Category Archives: European Union

Cyprus: It’s not about the numbers

Cyprus Financial CrisisThe Eurogroup agreed on Monday night to allow Cyprus to change the make up of its controversial deposit tax. Instead of imposing a levy of 6.75 percent on savings under 100,000 and 9.9 percent on those above 100,000 – as agreed in Brussels in the early hours of Saturday – Nicosia can play around with the numbers, just as long as it raises the arranged amount of 5.8 billion euros.

Cyprus’s new but already beleaguered President Nicos Anastasiades is proposing that bank customers with deposits under 20,000 euros should not be taxed at all, while keeping the levy the same for the remaining depositors. Cypriot MPs have already shown a reluctance to approve the tax, mindful of the impact on depositors but also the long-term damage it could do to the island’s banking system and economy.

However, what’s happened over the past few days and what’s likely to happen in the days and weeks to come has little to do with numbers. It is much more about perceptions. Even if a financial meltdown is averted in Cyprus this week, the decision to tax depositors there in order to reduce the eurozone and International Monetary Fund contribution to the island’s bailout has sown the seeds for a future eruption.

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After Cyprus, eurozone risks transmission failure and running out of road

?????????????????????????????????????????????????????????????????????????????????????????????????????????????????????????????????????????????????????????The Eurogroup’s decision on Friday to impose a one-off tax on depositors in Cyprus may mark a turning point in the euro crisis. Only, the single currency’s decision makers might soon realize that in taking this particular turn, they also ran out of road.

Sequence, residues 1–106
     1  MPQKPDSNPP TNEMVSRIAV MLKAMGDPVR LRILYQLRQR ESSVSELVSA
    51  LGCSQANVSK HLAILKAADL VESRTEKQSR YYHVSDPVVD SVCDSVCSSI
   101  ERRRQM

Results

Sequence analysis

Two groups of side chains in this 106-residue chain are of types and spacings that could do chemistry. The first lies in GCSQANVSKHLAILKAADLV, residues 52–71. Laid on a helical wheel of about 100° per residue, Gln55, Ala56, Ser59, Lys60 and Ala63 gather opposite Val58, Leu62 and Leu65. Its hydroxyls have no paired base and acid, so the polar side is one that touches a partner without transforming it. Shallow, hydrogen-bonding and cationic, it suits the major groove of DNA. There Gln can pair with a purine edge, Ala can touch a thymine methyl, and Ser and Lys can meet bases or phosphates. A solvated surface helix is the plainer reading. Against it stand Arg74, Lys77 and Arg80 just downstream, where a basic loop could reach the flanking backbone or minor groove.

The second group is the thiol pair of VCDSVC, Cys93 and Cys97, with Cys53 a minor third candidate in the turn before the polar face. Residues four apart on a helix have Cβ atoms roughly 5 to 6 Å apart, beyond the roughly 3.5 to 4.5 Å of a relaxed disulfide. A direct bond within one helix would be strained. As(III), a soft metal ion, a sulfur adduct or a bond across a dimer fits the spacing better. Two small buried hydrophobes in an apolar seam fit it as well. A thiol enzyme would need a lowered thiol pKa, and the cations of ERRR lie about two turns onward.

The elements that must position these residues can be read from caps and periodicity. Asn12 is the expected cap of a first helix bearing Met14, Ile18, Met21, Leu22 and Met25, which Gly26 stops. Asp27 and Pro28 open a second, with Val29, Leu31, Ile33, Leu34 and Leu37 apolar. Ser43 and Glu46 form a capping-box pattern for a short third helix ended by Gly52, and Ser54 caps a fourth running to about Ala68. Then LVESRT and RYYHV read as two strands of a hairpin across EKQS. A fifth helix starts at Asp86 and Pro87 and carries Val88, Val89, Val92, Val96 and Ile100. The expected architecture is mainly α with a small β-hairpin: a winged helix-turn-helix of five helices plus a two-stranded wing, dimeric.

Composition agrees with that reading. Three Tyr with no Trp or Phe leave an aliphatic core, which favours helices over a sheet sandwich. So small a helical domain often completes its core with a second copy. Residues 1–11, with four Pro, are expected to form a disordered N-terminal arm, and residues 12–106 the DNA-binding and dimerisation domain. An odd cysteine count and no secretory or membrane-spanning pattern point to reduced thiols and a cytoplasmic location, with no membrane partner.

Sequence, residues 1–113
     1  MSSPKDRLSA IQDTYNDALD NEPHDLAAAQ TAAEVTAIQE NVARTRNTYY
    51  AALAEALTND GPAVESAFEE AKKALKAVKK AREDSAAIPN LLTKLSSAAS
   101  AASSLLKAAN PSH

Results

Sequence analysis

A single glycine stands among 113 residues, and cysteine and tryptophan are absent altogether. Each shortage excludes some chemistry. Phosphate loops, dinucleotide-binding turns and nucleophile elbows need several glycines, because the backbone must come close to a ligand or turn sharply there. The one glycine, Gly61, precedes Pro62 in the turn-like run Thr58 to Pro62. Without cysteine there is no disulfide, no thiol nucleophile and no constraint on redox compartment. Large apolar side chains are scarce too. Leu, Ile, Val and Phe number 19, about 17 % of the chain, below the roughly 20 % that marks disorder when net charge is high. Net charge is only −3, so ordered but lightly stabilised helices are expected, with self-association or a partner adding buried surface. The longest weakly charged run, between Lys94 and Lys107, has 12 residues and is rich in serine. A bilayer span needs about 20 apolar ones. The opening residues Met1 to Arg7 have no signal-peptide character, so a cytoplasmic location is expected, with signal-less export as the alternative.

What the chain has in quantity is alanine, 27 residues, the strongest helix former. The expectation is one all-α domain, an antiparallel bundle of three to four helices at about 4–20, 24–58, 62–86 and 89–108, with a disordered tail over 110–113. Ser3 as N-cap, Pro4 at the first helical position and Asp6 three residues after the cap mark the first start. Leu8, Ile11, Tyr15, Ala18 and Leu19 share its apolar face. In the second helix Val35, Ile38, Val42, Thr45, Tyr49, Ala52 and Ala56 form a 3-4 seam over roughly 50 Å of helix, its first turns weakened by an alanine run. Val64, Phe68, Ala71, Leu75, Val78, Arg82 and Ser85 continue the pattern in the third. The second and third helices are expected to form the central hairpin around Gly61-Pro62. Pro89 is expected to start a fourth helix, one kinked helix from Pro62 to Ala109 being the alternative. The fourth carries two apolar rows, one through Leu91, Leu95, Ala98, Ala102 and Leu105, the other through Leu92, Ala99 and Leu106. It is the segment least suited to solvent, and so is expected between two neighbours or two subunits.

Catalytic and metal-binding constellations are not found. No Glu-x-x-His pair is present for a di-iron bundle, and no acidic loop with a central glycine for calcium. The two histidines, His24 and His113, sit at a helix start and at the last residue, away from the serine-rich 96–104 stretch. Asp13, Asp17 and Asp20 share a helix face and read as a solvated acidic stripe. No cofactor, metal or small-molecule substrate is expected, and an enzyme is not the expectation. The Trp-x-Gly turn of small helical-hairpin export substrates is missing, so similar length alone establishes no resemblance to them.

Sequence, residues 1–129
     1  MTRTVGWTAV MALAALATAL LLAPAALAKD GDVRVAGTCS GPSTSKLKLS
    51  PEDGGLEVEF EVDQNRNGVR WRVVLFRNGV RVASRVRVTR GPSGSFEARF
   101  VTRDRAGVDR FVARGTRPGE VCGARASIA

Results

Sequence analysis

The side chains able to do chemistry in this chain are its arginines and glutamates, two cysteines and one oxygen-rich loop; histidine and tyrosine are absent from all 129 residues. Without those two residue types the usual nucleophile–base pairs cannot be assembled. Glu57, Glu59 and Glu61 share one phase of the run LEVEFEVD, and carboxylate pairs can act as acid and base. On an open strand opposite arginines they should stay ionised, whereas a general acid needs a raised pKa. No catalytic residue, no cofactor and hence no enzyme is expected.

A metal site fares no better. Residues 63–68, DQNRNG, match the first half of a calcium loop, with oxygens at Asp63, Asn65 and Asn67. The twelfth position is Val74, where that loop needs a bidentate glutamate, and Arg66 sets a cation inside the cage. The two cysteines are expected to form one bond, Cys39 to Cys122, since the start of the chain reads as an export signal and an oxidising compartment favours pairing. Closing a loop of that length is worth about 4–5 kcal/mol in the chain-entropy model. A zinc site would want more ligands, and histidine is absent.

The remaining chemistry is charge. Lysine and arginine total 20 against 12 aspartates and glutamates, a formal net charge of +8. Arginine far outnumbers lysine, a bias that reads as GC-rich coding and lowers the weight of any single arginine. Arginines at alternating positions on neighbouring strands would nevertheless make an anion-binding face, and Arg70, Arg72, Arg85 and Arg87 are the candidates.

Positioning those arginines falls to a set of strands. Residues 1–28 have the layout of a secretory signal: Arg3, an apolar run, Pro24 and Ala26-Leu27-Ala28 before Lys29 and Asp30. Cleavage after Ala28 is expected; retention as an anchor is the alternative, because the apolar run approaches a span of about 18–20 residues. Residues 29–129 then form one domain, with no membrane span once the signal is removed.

Under pressure from several members of the eurozone – Germany in particular, if reports are accurate – the new Nicosia government agreed that deposits above 100,000 euros would be taxed 9.9 percent and those under 100,000 at a rate of 6.75 percent.

This is an unprecedented decision for a eurozone country. It is also one whose potential consequences reach much further than an island in the eastern Mediterranean. It threatens to cause the transmission system between the economic and financial sectors on one side and the political and social on the other to seize up. Without this, the euro cannot be propelled forward. It cannot function.

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An issue of statistical significance in Greece

A Greek flag flies behind a statue to European unity outside the European Parliament in BrusselsThe head of Greece’s statistics agency, Andreas Georgiou, is to face a criminal inquiry. An ex-employee of the Hellenic Statistical Authority (ELSTAT), Zoe Georganta, has accused him of colluding with the European Union’s statistical arm, Eurostat, to inflate Greece’s deficit figure for 2009, thereby justifying Greece’s EU-IMF bailout, signed in May 2010, and  its drastic austerity measures. Georgiou vehemently denies the charges.

Financial prosecutors have referred the matter to a special magistrate and the Greek justice system will have to decide on the validity of each side’s arguments.

Beyond the judicial process, some observations about the case are needed as it goes to the very heart of understanding how Greece’s public finances veered dramatically off course and the country turned to the eurozone and International Monetary Fund for emergency loans.

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EU banking union a product of the euro crisis but also its solution?

bankia-protestThere is a dirty little secret at the heart of the euro crisis and it concerns Europe’s banks. Many politicians and much of the media have focused their attention on the role sovereigns – particularly in southern Europe – had in triggering uncertainty and economic instability in the single currency area but the part banks played in laying depth charges at the euro’s foundations has been largely absent from public debate.